Another integral part of FedUni is how it has integrated technology into its student experience. “Technology is now part and parcel of how we teach,” Helen says. “The majority of our programs offer blended learning in some way, so technology is involved in most of our teaching.”

“Technology is now part and parcel of how we teach.”

This includes a Moodle platform for teaching materials and learning exchange. While this requires teaching staff to be constantly upskilling, the university is committed to ensuring its learning systems keep pace with technology.

FedUni also has a technology park on its Mt Helen campus in Ballarat. It has become one of the largest facilities of its type in Australia, employing around 1,500 people and contributing some A$300 million per annum in regional economic outputs. IBM has become one of the major firms in the park and second-year technology students at the university each do a work placement there.

Professor Helen Bartlett, Vice-Chancellor & President of Federation University Australia

In 2018, the university and IBM extended this partnership, with business students now also taking part in work-integrated learning. The arrangement has led to long-term employment in many cases, with more than 60% of IBM’s employees in the park being FedUni graduates.

Another vote of confidence in the university’s efforts to prepare its student body for the workplace came in the 2017 Employer Satisfaction Survey, which placed FedUni at number one in the country for employability. It achieved scores of 98.5% for technical skills and 93.9% for employability skills.

“I think that tells you the model we’re using, with placements, career advice and work-integrated learning, is working,” Helen says. “We will only continue to enhance that in every way we can.”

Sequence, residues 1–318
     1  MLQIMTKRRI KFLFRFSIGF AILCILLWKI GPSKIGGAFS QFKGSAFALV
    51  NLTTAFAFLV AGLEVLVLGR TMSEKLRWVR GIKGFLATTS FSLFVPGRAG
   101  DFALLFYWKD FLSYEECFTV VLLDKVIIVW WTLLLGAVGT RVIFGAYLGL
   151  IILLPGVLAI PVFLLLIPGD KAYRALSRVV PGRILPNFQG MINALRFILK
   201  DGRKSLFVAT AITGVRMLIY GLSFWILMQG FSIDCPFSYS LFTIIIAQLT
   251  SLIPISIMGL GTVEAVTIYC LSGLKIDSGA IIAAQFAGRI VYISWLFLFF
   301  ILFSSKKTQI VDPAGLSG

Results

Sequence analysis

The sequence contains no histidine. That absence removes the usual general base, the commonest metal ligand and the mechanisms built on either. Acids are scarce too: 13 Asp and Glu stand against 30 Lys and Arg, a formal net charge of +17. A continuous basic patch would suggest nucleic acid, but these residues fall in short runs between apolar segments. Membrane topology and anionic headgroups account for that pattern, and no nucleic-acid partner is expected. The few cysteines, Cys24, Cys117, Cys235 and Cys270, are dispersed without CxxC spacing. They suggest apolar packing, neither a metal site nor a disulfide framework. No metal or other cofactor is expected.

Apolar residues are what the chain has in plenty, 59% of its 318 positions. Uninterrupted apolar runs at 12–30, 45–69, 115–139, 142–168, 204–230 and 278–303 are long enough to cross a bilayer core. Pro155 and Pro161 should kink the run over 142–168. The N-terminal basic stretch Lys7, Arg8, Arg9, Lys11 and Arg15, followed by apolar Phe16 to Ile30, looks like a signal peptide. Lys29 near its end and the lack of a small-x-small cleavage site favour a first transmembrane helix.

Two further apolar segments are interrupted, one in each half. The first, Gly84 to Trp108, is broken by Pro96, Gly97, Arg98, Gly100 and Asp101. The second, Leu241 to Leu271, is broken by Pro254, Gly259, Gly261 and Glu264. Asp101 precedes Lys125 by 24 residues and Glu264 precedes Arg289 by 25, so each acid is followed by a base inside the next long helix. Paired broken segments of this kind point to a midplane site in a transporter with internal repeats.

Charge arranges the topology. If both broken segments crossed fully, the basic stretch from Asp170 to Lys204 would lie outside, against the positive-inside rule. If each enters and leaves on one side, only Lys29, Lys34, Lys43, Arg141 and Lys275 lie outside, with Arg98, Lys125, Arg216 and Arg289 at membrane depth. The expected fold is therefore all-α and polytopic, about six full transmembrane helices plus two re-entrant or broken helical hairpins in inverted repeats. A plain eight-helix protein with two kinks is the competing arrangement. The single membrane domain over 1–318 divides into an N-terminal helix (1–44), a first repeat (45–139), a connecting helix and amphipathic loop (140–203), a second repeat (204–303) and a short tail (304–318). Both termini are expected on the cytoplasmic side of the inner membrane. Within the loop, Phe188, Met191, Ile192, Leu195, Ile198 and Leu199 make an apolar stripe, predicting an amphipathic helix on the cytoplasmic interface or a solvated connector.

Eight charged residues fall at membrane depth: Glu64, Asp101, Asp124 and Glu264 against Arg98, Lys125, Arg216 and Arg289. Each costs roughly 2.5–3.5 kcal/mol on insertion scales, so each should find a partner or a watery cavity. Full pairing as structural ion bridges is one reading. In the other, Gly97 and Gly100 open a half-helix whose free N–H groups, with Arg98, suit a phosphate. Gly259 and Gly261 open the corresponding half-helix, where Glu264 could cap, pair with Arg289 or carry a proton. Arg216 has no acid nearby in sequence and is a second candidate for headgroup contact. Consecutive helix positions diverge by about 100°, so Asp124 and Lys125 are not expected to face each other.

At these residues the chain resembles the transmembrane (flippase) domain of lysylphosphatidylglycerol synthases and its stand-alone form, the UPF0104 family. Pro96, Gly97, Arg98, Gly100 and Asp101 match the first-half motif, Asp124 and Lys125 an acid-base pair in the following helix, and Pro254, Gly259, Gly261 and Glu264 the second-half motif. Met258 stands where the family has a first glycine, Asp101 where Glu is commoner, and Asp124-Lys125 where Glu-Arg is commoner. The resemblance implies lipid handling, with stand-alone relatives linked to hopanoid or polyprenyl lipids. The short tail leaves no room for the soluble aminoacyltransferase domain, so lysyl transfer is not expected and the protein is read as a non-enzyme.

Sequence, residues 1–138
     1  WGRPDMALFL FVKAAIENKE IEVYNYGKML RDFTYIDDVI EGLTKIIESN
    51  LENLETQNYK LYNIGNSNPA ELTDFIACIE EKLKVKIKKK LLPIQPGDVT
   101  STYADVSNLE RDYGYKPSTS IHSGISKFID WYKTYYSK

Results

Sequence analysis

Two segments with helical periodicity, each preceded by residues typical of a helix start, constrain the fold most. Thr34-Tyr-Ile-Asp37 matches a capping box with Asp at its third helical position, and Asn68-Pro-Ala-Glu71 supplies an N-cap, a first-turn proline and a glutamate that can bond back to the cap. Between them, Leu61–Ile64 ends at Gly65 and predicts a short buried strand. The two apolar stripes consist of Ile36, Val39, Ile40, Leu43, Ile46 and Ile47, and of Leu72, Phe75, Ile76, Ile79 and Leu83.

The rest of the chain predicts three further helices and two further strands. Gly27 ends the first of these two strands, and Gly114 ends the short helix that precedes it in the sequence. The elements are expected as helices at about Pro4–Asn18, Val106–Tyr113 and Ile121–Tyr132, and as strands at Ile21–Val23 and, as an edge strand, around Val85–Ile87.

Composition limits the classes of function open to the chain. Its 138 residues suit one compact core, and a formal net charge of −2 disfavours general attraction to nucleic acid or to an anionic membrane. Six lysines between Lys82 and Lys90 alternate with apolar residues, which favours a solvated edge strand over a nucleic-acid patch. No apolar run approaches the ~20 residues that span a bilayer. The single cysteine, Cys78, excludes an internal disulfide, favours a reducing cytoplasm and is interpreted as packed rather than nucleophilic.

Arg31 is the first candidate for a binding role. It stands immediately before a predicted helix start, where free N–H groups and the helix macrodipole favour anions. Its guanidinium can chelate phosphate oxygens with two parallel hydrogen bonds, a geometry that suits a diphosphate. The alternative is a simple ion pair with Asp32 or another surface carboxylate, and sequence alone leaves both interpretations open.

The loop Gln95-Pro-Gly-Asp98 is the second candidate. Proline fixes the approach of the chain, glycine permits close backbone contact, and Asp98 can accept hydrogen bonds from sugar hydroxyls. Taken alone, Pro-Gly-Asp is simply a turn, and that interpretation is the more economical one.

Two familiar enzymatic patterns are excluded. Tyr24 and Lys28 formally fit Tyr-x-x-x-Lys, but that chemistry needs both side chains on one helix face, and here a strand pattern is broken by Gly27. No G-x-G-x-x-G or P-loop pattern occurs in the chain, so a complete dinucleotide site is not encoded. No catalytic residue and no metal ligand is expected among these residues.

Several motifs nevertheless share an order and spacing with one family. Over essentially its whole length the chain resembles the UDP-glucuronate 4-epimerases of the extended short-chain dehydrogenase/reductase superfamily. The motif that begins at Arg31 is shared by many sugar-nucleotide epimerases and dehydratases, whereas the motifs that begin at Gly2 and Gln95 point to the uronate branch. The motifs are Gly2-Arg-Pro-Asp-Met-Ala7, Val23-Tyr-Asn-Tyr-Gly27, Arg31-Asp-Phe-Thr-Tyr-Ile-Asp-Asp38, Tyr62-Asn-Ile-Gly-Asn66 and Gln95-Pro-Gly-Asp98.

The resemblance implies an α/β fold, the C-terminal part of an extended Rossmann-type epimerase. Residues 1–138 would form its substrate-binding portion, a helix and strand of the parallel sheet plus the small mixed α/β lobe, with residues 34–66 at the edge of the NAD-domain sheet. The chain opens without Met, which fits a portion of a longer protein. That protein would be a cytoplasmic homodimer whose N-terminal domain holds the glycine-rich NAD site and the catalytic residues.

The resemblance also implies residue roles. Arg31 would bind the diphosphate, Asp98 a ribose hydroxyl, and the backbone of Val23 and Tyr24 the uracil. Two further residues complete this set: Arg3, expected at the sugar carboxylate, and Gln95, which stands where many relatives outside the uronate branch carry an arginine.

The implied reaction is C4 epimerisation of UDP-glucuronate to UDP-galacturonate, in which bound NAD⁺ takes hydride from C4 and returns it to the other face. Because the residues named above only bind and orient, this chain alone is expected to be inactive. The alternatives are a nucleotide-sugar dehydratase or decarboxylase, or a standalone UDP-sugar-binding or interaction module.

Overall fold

While the university has close ties with the local areas where it has campuses, it also has a strong foothold overseas, with 47% of its students being international. It has partnerships with several Asian institutions in place and a support centre in Malaysia. Helen says it is an institution with a strong international flavour. “What that does is provide a global experience for students. It opens up their world and brings great diversity to our campuses. Today, we’re in a global world and education is a global market. It strengthens us as a university and is very important to us.”

“We’re in a global world and education is a global market. It strengthens us as a university.”

As she steers FedUni into this new high-tech, global age of education, Helen may seem a natural fit for her role, but she says she had no inkling she would end up as Vice-Chancellor. “The journey has been full of twists and turns but it’s been a delightful one. I’ve ended up in a position that brings together everything I’m passionate about.

“I feel very fortunate that my career has taken me in this direction, but I could never have predicted it. I just followed my interests, worked really hard and took chances along the way.”